You can get really specific about when you want a task to repeat, and how often, when you set up custom recurrences for your repeating tasks.

Set complex repeat patterns

Let’s say you need to complete your annual budget review by the first Monday in September. To set a repeating task for this, use a custom recurrence pattern.

Set up a custom repeat pattern for your task.

First, set the due date for your task. In this case, Monday, September 6th.

Then, open the repeat dropdown menu and choose Custom.

Open the dropdown menu to set up a custom repeat pattern.

This window lets you set the rules for your recurring pattern. If you want to complete your budget on the first Monday of September, instead of setting the task to repeat annually, set it to repeat every 12 months.

Choose the frequency for your task to repeat.

Then, you can select whether you want the task to repeat on the exact day (the 6th of September) or on every instance of that day (every first Monday).

Choose the day you'd like your task to repeat.

You’ll see a brief summary of the repeat pattern at the bottom of the window. Click Set custom repeat when you’re finished.

Set tasks to repeat from date completed

In addition to letting you set complex repeating patterns, the custom recurrences menu has an option to generate the next instance of the task based on the date they’re due or the date they’re actually completed.

This means when you’re a little late on changing the oil in your car, the task will repeat three months from when you actually got it changed and marked it complete, instead of 3 months from when you were supposed to change it.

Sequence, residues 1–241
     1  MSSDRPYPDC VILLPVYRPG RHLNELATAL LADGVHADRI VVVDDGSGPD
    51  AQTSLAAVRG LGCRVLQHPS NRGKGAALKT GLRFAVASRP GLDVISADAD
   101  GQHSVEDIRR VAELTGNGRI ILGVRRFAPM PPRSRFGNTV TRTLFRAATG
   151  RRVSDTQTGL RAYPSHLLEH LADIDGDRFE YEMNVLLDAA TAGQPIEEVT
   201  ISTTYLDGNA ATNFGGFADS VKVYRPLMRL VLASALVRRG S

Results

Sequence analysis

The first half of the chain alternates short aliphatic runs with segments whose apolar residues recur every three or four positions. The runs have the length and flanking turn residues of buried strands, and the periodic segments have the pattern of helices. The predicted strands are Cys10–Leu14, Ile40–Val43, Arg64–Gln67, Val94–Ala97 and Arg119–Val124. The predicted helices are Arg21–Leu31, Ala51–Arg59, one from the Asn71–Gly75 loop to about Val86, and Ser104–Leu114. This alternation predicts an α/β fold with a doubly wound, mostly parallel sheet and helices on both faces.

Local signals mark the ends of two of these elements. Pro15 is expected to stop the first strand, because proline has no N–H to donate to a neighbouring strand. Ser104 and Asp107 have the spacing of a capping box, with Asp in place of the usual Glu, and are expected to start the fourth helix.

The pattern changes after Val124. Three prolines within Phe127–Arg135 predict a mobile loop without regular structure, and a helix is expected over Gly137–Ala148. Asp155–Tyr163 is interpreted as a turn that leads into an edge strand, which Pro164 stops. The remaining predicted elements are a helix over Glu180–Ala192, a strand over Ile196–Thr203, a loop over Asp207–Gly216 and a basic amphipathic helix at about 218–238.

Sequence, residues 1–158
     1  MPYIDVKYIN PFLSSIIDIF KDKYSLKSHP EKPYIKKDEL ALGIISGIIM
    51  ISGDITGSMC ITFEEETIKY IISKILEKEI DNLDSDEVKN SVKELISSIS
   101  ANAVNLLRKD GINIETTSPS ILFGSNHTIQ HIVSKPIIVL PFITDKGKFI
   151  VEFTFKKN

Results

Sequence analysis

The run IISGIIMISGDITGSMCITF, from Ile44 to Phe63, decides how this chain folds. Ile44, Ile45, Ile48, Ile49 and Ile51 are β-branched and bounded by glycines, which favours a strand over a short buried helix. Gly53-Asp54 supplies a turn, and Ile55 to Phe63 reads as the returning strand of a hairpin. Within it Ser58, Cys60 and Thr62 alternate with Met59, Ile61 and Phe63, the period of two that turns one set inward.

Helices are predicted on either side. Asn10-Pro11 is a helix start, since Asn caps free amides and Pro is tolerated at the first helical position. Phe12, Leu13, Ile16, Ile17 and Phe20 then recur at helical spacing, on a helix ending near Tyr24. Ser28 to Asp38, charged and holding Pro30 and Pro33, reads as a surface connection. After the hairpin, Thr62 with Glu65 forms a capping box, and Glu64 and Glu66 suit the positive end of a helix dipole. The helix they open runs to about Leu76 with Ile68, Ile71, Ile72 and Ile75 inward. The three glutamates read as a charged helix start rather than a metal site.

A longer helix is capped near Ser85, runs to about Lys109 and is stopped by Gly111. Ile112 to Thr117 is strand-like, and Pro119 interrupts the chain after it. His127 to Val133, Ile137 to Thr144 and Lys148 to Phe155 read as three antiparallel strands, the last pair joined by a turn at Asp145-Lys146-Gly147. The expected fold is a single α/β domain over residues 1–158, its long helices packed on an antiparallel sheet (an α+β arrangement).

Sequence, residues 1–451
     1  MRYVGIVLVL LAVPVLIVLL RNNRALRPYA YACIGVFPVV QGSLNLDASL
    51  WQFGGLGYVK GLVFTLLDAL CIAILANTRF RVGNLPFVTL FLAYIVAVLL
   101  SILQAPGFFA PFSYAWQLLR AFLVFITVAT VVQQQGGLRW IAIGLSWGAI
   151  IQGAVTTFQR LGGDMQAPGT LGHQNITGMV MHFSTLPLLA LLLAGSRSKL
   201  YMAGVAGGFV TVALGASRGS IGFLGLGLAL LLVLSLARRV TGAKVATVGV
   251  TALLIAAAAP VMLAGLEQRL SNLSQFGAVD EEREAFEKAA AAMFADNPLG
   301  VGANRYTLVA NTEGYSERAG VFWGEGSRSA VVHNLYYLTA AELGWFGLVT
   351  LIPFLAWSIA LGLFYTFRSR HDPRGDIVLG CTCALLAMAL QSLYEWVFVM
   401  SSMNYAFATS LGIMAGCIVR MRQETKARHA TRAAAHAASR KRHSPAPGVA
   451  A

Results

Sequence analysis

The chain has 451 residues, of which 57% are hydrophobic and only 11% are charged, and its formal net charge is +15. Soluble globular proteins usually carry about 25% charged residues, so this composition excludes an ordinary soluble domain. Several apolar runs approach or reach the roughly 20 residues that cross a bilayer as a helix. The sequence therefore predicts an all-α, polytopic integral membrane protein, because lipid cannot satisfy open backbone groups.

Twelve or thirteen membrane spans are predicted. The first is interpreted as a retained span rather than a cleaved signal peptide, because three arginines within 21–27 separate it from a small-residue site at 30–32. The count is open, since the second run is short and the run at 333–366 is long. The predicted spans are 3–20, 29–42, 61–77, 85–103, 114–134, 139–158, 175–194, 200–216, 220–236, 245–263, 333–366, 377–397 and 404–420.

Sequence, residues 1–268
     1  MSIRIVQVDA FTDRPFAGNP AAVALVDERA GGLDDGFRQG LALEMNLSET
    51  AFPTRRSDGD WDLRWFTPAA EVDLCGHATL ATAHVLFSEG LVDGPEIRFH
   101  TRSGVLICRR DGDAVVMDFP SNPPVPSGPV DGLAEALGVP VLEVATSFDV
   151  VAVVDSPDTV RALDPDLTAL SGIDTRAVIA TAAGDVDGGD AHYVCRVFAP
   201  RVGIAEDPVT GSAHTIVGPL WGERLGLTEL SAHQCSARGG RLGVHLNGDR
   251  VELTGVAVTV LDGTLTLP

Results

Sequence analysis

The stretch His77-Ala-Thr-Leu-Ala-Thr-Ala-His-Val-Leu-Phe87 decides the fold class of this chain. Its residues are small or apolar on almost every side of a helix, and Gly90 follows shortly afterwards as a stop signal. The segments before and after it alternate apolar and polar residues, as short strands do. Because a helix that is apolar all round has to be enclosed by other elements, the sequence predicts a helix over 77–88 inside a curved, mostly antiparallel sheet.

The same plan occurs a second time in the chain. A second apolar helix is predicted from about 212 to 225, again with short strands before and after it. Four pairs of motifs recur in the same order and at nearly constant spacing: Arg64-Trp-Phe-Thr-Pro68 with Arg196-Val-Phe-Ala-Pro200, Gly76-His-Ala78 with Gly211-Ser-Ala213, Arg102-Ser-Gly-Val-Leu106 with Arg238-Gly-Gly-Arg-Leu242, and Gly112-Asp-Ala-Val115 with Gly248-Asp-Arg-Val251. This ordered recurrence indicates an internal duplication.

Set subtasks to repeat

Using subtasks can be great when you have a project that regularly occurs and has more than one step, such as a newsletter with multiple components that goes out every month. When you mark a top level task complete, the subtasks will NOT regenerate with the next instance of the task.

Instead, use subtasks to break up the work, then set those subtasks to repeat. Mark them complete while leaving the top-level task alone. This ensures the list of tasks to complete for your monthly newsletter will automatically regenerate for the next month.

Start by setting your top level task and create subtasks for each item that needs to be completed.

Use subtasks for projects that regularly occur.

Set the due dates for each subtask and set each of them to repeat monthly.

Set up the repeat pattern for each subtask.

As you complete your work, mark the subtasks complete, but leave the top-level task alone so it can act as a placeholder.

See recurring subtasks in action.

When you mark each repeating subtask complete, a new one will be automatically generated for the next month under the top level task.

👉Pro Tip: If you’re working on the same project in multiple different queues, use templates to save yourself precious time and clicks.

What’s Next?

Maximize efficiency with recurring tasks
Increase organization with subtasks

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